Cody Thrasher’s insatiable curiosity and love of food inspire his culinary creations.
Cody Thrasher didn’t go to culinary school. He created his own.
Early in his career, he bought the Culinary Institute of America cookbook at Barnes & Noble and read it cover to cover. Later, he and his cook friends would get together each Sunday evening, since most kitchen crews don’t have to work on Mondays. They would head to the local Asian market, buy some ingredients they didn’t quite know what to do with, and then retreat to someone’s house to spend the night cooking.
Thrasher also went on field trips. When he was 21, he set off on a nine-month road trip that covered all 48 continental states. He observed how ingredients, cooking techniques, and flavors changed from region to region, recording his observations in his journals. Then he took his studies abroad, backpacking through Thailand and working under different chefs in exchange for places to sleep.
All the while, he worked his way through Morgantown’s dining scene, working the stoves at Mountain State Brewing Company, Oliverio’s Ristorante, and various bars around town. All that experience eventually led to a master’s thesis, of sorts.
In 2014, he scraped together some cash and bought a used food truck to launch Hash Browns and New Grounds. Thrasher used his well-traveled palate to create dishes like Jalapeno Gnocchi Mac & Cheese and Blackened Vietnamese Catfish Tacos.
The food, modestly priced and made with local ingredients, was a big hit with Morgantown’s dining public. “It sold itself,” he says. Thrasher’s truck proved so popular, Hash Browns and New Grounds landed a spot in Off the Eaten Path: On the Road Again, a cookbook published by Southern Living magazine.
In 2016, he parlayed this success into a brick-and-mortar establishment in Bridgeport: Cody’s Restaurant. The menu is slightly less adventurous compared with the food truck’s occasionally off-the-wall offerings, but features the same attention to fresh ingredients and unique flavors.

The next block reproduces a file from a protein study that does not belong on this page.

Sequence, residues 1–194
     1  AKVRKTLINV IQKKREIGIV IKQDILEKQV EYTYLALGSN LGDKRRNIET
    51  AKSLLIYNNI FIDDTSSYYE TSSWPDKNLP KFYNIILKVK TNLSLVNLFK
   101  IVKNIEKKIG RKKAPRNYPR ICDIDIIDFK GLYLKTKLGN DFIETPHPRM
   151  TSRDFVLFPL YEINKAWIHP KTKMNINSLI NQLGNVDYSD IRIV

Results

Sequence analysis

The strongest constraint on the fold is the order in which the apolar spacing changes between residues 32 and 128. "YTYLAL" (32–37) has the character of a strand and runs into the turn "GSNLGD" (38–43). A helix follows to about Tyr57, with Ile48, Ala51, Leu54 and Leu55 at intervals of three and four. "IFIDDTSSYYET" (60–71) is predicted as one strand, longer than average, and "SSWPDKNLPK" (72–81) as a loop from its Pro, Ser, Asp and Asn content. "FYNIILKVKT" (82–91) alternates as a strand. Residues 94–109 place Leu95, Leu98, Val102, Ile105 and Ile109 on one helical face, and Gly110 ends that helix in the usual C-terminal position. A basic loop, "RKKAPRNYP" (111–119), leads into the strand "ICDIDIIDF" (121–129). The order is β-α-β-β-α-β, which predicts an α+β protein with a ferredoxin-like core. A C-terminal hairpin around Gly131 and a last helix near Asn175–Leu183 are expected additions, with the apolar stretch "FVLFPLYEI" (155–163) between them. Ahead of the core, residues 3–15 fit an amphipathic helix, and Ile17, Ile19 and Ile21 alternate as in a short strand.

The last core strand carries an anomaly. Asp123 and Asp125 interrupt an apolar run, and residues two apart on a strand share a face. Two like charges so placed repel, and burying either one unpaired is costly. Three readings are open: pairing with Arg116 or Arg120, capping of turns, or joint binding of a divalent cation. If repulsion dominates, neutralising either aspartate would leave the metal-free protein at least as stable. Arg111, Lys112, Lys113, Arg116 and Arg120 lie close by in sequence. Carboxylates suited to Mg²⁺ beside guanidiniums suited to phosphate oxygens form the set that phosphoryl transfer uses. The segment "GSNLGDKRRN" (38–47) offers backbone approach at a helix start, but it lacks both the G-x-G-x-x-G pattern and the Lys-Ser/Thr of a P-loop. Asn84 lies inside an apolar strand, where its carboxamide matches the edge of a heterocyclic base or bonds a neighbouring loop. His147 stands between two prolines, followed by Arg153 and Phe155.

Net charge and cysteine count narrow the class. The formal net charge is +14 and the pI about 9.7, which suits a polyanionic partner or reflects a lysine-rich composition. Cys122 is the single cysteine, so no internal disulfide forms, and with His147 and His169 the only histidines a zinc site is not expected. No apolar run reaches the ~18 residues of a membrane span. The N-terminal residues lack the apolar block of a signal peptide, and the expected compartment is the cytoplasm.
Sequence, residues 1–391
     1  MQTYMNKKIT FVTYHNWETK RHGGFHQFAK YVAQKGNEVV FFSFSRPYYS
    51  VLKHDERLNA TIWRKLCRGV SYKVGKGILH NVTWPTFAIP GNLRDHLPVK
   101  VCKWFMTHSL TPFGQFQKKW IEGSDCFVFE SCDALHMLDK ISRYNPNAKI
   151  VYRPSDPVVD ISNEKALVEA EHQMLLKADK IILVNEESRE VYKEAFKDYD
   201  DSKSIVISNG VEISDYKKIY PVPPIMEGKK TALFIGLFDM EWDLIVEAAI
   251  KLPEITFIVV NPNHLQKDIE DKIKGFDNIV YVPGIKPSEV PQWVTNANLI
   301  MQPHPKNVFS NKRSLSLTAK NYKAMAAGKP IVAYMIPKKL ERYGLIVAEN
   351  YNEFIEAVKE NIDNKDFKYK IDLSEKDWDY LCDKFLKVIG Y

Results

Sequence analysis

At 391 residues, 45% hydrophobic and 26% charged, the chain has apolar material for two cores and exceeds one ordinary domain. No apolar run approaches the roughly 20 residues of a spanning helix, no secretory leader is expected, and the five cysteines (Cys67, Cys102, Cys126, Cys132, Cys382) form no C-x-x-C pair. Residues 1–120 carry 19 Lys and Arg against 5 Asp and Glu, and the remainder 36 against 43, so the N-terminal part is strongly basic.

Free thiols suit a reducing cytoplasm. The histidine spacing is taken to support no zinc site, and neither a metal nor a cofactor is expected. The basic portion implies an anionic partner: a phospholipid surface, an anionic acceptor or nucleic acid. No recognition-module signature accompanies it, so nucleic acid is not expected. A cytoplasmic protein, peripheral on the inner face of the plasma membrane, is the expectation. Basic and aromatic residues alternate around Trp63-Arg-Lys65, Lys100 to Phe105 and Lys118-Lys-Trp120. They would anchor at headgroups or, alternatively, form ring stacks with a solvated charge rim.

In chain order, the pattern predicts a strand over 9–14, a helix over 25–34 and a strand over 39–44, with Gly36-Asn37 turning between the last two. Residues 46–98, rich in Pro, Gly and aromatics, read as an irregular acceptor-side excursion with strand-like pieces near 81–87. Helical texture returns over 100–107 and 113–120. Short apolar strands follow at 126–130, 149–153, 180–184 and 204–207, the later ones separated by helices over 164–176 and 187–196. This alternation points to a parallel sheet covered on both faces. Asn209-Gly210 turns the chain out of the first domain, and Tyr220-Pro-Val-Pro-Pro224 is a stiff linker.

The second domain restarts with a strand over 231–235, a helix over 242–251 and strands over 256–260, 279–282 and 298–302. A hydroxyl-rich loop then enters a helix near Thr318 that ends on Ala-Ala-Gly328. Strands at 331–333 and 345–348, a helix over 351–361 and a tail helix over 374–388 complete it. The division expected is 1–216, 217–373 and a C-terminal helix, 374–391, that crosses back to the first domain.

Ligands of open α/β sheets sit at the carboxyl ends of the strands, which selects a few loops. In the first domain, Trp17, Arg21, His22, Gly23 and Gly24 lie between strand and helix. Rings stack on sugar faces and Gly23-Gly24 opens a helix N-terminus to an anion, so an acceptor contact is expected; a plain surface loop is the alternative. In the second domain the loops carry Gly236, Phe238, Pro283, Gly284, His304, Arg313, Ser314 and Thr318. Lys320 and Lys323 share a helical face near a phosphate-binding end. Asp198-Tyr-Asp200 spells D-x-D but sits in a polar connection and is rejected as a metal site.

Thrasher revamps the menu four times a year to highlight the season’s best ingredients.
He hand selects each of the restaurant’s ribeyes to ensure they’ve got the perfect marbleization. The steaks are then seared in cast iron pans, topped with a gorgonzola cream sauce, and served with shoestring frites.
The restaurant’s curries and pork belly dishes are also popular—try the Bunjal Curry, grilled beef served on a goat cheese and coconut milk curry, or the Crispy Bourbon Pig, pork belly served with a bourbon and berry barbecue sauce.
Although owning and managing the restaurant doesn’t leave as much time for culinary experimentation as Thrasher might have if he cooked in someone else’s kitchen, he enjoys the added challenge of running the business side of things. Looking over the books, he can see all the money coming in and all the money going out. He can tell which dishes are really popular with guests and which ones are flopping. “It’s kind of like fantasy football,” he says.
And it’s all fueled by what got him interested in restaurants to begin with—his deep love of food. “I still enjoy cooking 10 hours a day,” he says. “Every single shift is a battle. I compare it to a chaotic symphony. If you give your all every day, it pays off.” 20 Shaner Drive, Suite 104, Bridgeport, 304.842.4200, codysrestaurant.com
photographed by NIKKI BOWMAN